Your work environment may be unpleasant, contentious or outright awful — but it may not be legally considered a “hostile environment.” A hostile work environment has a specific meaning under the law that has to be met for you to have a claim against your employer.
Hostile work environments are created whenever all of the following are true:
- You are subjected to discriminatory behavior due to gender, race, age, religion, sexual orientation, disability or another category protected by the Equal Employment Opportunity Commission (EEOC).
- The behavior is chronic or pervasive, not just a “one-off” remark or action.
- The investigative response from the company has been inadequate to address the issue.
- The behavior seriously disrupts your ability to function at work or impedes your career in some way.
That means that having a terrible boss who is just indiscriminately abusive to everyone likely wouldn’t be considered a hostile work environment, but a situation where a terrible boss is abusive only to certain people based on some prejudice could be.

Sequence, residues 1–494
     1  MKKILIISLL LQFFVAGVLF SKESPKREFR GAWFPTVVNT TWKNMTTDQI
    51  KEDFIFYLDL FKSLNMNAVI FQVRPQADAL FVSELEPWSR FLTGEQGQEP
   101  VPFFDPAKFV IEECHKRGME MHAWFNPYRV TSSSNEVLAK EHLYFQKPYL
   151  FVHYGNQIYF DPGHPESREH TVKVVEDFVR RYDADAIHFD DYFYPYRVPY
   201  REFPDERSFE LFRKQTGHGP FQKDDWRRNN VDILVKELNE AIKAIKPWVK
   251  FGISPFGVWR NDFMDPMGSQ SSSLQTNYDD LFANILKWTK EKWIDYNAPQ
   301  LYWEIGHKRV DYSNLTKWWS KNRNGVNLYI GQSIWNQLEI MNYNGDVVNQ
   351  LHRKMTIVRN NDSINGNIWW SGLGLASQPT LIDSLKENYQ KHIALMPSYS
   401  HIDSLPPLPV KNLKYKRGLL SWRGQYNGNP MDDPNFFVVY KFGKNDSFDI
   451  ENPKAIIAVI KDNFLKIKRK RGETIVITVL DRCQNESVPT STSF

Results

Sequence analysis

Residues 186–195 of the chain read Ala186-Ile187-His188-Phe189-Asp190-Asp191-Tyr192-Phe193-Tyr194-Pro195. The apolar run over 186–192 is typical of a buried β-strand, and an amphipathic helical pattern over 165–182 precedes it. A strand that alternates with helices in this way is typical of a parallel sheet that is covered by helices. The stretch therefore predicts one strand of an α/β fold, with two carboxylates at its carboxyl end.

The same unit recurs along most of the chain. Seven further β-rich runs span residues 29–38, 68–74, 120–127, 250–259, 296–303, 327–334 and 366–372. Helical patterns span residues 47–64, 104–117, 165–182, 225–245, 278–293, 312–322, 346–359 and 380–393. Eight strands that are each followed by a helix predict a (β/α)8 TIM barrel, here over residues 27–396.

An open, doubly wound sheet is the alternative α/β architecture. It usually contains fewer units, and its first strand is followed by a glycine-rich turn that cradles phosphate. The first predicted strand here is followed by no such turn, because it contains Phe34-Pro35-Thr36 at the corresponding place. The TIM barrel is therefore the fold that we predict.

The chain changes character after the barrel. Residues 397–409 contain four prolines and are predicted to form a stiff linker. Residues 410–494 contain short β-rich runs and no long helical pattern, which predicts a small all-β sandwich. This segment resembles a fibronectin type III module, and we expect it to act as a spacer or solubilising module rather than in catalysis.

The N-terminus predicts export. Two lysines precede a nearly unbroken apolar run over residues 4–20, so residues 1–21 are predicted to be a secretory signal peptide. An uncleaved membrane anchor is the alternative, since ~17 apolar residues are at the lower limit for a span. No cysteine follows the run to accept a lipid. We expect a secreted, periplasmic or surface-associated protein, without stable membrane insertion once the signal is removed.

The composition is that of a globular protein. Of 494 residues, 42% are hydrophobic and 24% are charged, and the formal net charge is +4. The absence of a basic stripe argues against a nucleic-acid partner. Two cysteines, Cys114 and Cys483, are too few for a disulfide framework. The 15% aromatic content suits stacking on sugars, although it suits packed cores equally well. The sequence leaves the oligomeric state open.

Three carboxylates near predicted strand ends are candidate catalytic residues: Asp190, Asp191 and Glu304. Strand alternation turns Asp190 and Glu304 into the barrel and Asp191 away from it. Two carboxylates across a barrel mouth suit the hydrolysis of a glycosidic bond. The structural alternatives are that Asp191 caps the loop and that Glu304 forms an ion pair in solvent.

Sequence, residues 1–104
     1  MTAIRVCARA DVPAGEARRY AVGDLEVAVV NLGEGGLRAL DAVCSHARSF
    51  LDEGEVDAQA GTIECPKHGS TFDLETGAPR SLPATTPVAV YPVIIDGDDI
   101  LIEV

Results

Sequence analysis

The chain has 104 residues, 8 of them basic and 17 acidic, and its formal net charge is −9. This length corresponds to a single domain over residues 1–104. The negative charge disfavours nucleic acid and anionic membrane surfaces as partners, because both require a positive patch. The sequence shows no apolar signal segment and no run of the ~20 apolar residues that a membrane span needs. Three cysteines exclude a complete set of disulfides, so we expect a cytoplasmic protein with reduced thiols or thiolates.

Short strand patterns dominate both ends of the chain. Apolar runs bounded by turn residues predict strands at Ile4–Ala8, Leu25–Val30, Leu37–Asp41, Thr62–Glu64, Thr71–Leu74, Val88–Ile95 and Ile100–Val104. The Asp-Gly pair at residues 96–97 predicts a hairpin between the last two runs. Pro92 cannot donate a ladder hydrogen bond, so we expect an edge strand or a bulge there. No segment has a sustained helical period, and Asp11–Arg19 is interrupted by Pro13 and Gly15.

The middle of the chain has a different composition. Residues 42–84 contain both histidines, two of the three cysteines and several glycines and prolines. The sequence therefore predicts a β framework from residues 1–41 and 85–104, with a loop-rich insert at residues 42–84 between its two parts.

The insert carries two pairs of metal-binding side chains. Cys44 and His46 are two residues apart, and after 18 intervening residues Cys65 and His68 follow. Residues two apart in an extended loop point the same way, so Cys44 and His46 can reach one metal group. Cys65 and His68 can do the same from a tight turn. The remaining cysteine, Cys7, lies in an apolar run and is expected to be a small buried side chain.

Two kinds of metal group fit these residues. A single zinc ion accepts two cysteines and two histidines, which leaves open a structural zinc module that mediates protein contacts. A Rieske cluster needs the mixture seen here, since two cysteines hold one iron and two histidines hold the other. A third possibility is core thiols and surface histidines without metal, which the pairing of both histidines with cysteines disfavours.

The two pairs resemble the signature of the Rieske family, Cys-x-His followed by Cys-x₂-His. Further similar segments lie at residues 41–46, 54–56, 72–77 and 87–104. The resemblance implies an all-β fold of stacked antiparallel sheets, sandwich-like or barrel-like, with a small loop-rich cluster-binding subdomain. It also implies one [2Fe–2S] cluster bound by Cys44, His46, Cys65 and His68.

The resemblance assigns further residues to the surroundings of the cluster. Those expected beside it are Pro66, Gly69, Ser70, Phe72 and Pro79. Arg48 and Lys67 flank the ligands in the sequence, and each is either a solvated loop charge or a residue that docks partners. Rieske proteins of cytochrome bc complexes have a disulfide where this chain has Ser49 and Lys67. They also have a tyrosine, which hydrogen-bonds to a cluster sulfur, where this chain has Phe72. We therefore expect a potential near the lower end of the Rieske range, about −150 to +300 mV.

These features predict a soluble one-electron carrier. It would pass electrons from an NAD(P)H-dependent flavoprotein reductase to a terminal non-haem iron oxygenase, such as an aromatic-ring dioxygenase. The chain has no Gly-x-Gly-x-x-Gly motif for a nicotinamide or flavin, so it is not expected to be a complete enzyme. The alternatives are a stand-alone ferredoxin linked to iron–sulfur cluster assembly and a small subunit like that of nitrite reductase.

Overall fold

A hostile work environment may be caused by things like:
- Lewd or obscene comments, “jokes,” suggestions or behavior
- The use of racially-offensive slurs, racial stereotyping or other derogatory racial remarks
- Intimidation or negative comments toward someone’s religious beliefs
- Comments or slurs regarding someone’s disability or medical accommodations
If you’re uncertain whether or not you’re being subjected to a legally hostile work environment, the wise thing to do is to consult with an experienced employment law attorney about your situation. The nuances of the law surrounding a hostile work environment mean that each situation has to be judged for itself — and it’s hard to cast an objective eye on a situation when you’re in the middle of it.